The primary idea is to introduce technology to the landscape in keeping with available resources. The project intends to introduce better seeds, post-harvest processing, value addition, skill development opportunities and new cash crops. Improving the nutritional intake of people and optimising water resources is also a project goal. Farmers have become more adept at using modern tech and machinery and their incomes have increased while overheads have fallen. Local employment opportunities are rising. With greater earnings, people can now enjoy better healthcare and educational access.
Thoothukudi in Tamil Nadu is setting an example in the Swacch Bharat category with a project tackling the problem of open defecation in the district. 463 Sanitation Motivators worked with authorities and several departments came together to build 2,52,735 Individual Household Latrines across the district. Thoothukudi has the highest ODF ranking amongst all TN districts. The district is paving the way for Tamil Nadu to become an ODF state. Public Line Toilets have been built for homes without the adequate space. Community toilets are being fitted with solar panels for hot water supply. There are also dedicated toilets for children and those with physical disabilities. To keep the surface clear of wastewater, underground drainage systems have been built. To reduce water waste, household water is being used in kitchen gardens. The project aims to improve water usage, environmental impact, and personal and public health and hygiene.
Quality education has long been a concern in Namsai, Arunachal Pradesh. The district once ranked in the bottom three in the state for learning. With a predominantly tribal population and heavy migrant labour community, developing the educational facilities is a priority. The Humara Vidyalaya scheme is a monitoring and motivational strategy that involves appointed officers evaluating school performance. The officers’ duties include identifying infrastructural and human resource gaps. They note attendance, promote hygiene standards, assess learning outcomes and encourage extracurricular activities. The real-time needs assessment has helped better plan and deploy resources for development. There has been increased attendance and all stakeholders, including parents, are now more involved. Appreciation from the authorities is motivation to improve. This has fostered an environment of friendly competition, with schools making a distinct effort to perform better.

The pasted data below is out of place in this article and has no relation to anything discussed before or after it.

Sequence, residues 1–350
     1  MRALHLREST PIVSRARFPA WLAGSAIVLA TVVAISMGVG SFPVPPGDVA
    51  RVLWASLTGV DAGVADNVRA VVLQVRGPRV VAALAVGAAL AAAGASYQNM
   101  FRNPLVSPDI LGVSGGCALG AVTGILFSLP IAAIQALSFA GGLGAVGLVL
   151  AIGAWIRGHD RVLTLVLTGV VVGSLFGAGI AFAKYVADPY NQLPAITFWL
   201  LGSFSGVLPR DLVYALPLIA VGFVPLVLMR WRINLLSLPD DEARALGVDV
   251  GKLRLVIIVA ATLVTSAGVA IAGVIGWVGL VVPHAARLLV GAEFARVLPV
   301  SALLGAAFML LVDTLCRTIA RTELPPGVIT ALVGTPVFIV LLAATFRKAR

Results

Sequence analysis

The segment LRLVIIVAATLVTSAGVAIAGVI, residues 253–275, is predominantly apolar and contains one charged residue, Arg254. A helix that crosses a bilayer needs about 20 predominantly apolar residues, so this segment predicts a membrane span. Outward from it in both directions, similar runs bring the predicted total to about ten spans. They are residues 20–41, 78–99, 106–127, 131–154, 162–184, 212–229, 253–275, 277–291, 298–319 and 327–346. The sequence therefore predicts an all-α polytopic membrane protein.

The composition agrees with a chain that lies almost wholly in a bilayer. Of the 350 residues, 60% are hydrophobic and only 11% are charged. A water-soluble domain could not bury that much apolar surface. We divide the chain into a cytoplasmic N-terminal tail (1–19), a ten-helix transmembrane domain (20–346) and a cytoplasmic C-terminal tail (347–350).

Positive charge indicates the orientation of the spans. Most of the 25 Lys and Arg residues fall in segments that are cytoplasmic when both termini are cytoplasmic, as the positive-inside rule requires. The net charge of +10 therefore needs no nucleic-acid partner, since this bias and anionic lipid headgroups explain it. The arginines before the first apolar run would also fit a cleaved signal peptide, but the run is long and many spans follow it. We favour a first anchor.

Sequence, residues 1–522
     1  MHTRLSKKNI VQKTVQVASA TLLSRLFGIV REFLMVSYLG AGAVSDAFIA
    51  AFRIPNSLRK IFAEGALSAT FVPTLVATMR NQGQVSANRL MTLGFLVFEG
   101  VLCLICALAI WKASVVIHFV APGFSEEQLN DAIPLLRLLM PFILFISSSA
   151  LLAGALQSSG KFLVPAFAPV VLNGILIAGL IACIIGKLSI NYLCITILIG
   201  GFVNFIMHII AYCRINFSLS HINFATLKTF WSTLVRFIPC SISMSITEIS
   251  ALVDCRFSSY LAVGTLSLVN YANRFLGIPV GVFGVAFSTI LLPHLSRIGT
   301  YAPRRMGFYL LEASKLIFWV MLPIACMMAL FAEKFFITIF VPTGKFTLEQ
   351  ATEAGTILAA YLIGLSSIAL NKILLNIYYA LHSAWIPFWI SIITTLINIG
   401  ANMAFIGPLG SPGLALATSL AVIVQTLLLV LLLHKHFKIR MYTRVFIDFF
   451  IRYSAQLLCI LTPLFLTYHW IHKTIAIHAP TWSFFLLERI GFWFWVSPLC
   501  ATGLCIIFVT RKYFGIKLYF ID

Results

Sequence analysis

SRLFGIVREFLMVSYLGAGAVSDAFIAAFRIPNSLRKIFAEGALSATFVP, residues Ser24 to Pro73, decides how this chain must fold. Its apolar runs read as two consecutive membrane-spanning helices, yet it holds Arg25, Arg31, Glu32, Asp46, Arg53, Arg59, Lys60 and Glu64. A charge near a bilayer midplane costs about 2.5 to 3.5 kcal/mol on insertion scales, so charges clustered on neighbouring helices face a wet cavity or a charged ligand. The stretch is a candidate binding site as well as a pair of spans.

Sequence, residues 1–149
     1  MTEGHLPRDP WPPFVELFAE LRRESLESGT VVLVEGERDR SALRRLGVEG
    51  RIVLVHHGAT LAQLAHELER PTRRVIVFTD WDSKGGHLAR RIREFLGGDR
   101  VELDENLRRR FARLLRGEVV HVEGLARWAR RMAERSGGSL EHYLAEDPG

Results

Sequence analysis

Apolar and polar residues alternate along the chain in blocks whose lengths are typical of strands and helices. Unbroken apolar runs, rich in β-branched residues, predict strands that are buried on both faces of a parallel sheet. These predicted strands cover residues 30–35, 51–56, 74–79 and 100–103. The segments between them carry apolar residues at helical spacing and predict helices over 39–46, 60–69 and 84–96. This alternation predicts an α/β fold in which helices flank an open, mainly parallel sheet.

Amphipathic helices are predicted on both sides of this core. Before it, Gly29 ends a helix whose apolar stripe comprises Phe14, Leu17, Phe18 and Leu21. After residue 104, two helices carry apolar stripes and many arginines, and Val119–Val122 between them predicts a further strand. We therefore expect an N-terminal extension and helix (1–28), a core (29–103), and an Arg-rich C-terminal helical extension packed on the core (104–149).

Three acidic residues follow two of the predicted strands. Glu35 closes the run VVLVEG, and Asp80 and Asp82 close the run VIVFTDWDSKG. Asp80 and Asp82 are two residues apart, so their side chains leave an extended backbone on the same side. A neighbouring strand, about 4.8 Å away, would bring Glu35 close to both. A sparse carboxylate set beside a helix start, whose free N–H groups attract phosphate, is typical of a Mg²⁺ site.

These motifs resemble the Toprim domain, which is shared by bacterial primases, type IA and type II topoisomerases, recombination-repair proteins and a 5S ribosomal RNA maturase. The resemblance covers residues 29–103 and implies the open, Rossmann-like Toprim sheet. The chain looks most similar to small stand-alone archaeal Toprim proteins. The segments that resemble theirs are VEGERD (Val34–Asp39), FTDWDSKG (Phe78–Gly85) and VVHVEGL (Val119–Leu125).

The Aanganwadi Pulse Inspection scheme is an impactful Non-Covid Health project from Baran, Rajasthan. Regular assessment is critical for Aanganwadis so that their target populations can receive uninterrupted services. This includes children and pregnant and lactating women. The project boasts the highest number of centres inspected in one day. It also involved most government officials at Aanganwadis in a single day. Project staff used Google forms in real-time and a record number of time-stamped photos taken. The daily opening rate of Aanganwadis has gone up by 20%. More than 90% remain open every day. This has directly empowered beneficiaries who are more aware of the facilities available to them and able to access them better. Around 1,50,000 people -10% of the district population- have benefitted. API is a Zero Cost project: training, logistics and promotion require minimal investment. It’s a simple, cost-effective way of kicking existing systems into high gear.